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Michigan beats Penn State 16-4 to win its second straight Big Ten Tournament

Hardly anyone expected this three weeks ago.

The now no. 17 Michigan men’s lacrosse teams had lost three straight games, falling outside the top 25 teams in the Inside Lacrosse poll. They were 1-3 against Big Ten opponents and the offensive production had dried up after a red-hot start.

But now those concerns have been put to rest. Capping off a four-game winning streak, the Wolverines retained their crown and won the Big Ten Tournament in style with an impressive victory over No. 9 Penn State.

Michigan (10-6 overall, 2-3 Big Ten) defeated the Nittany Lions (11-4, 3-2) 16-4 and dominated the match from start to finish to defend their title.

“We had 62% of the time of possession,” Michigan head coach Kevin Conry said. “So it was really great for us to really appreciate the ball, and it gave us a lot of confidence.”

The Wolverines play their best when they have the ball control to slow down opponents with their passing and open up scoring positions. When they do this, they tend to score a lot of goals. And because they had so much possession, they were able to get into that attacking rhythm. The offense started early in the game, as senior midfielder Michael Boehm opened the scoring for Michigan just six seconds into the game. The Wolverines led 5-1 at the end of the first period and never trailed at any point during the game.

It was the performance of junior forward Ryan Cohen that made such Michigan dominance possible. Cohen registered a whopping seven assists, and his style of play – in which he often pushes to the top left corner of the pitch and directs the ball to some of the team’s more natural finishers – was what really allowed the Wolverines to dictate possession.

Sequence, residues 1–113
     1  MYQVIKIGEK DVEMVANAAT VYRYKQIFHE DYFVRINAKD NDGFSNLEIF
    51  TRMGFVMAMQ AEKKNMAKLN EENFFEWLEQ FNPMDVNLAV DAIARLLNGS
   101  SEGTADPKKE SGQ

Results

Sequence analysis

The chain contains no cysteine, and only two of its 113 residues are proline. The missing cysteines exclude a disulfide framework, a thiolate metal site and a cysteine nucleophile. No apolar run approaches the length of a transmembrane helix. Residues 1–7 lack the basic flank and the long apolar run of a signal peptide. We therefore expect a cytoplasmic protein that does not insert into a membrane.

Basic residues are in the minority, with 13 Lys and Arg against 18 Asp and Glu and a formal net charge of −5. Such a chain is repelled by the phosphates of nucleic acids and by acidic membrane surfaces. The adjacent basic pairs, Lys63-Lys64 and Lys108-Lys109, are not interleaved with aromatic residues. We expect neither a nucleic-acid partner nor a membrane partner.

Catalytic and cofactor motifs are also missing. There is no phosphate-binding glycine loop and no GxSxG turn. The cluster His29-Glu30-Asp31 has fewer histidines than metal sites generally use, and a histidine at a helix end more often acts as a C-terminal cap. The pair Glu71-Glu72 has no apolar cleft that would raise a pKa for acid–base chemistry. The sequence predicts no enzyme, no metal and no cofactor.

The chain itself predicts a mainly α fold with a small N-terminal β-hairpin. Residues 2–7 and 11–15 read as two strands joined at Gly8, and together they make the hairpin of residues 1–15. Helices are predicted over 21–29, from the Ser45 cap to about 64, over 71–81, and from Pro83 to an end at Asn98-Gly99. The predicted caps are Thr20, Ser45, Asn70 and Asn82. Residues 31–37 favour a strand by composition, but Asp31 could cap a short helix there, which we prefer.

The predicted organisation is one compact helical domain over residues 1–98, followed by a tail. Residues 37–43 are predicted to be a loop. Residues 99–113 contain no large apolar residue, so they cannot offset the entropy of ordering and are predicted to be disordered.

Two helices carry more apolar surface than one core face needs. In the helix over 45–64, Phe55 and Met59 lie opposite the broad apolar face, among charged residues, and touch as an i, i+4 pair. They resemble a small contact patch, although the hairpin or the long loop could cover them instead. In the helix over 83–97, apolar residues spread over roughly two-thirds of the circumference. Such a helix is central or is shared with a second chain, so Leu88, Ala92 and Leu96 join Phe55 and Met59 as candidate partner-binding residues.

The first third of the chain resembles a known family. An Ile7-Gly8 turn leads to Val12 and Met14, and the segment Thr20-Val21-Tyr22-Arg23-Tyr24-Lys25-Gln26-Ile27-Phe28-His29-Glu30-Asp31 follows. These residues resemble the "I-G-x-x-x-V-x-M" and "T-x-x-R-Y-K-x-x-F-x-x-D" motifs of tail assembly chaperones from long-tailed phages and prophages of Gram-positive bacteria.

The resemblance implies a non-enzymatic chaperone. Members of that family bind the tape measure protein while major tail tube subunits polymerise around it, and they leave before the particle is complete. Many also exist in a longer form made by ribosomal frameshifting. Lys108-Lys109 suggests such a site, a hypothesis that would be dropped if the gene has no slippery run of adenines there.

And to round out Cohen’s assists and passes, Michigan turned to the same man they had looked to all year for goals: graduate forward Justin Tiernan. Tiernan put in his joint-best performance of the season with five goals after being held to just one by No. 2 Johns Hopkins in Thursday’s semifinal.

“Justin is a competitor,” Conry said. “And he was very disappointed in his performance on Thursday. He made it his mission to do everything he could for his teammates to make sure he was much better on the X tonight.

Tiernan and Cohen dominated the stat sheet, but they weren’t the only ones with their attacking contributions. Graduate midfielder Christian Ronda, junior forward John Morgan, junior midfielder Aidan Mulholland and senior midfielder Justin Brown also helped the Wolverines maintain possession and facilitate the attack with second assists, which then allowed Cohen to make the decisive passes needed for the goal .

And while the offensive effort was tremendous, the defense did its part in holding the top-scoring offense in the Big Ten to just four goals. Sophomore defenseman Mason Whitney led the way, causing three turnovers, while also aiding the transition with three groundball pickups.

The defense’s efforts were also largely due to the outstanding efforts of sophomore goalkeeper Hunter Taylor. Taylor took control of the net with 12 saves on 16 shots, including three in the first period to help Michigan build early momentum. Taylor also backed the Wolverines’ transition game, with three ground ball pickups and a caused turnover.

“He went out on a mission to just be calm and be in control,” Conry said. “And he really executed that today and I thought he was a big spark for us.”

It was a near flawlessly executed game for Michigan on both sides of the ball, with each positional unit playing its role to perfection, and the result was a resounding triumph.

After a three-game losing streak and a slump in offensive production, it would have been safe to wonder if the Wolverines weren’t quite the same unit that stormed to a Big Ten Tournament victory last year. But after a winning streak and a sensational run in the tournament capped by a dominant performance in the championship game, Michigan is once again king of the Big Ten.